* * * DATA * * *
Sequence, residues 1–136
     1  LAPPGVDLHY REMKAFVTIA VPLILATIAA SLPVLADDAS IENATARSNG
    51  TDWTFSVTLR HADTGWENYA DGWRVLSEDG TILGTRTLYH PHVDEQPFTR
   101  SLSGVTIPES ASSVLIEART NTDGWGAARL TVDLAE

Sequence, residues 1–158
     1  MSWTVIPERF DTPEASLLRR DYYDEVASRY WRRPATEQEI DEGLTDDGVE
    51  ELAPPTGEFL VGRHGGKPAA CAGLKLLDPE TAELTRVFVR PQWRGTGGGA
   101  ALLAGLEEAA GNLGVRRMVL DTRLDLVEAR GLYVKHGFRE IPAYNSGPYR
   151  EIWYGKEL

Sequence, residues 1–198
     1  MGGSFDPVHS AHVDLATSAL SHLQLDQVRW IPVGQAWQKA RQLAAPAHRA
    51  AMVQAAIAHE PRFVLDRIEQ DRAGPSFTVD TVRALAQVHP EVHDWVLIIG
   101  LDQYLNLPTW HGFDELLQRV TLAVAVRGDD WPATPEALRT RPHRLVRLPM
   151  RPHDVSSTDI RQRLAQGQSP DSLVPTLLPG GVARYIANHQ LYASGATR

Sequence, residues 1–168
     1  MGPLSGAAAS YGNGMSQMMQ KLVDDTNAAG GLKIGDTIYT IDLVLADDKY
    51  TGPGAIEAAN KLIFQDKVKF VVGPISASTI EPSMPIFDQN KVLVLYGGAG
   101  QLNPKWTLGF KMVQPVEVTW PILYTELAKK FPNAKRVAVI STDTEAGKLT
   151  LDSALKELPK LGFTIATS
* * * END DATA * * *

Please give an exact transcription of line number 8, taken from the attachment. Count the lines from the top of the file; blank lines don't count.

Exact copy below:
   101  ALLAGLEEAA GNLGVRRMVL DTRLDLVEAR GLYVKHGFRE IPAYNSGPYR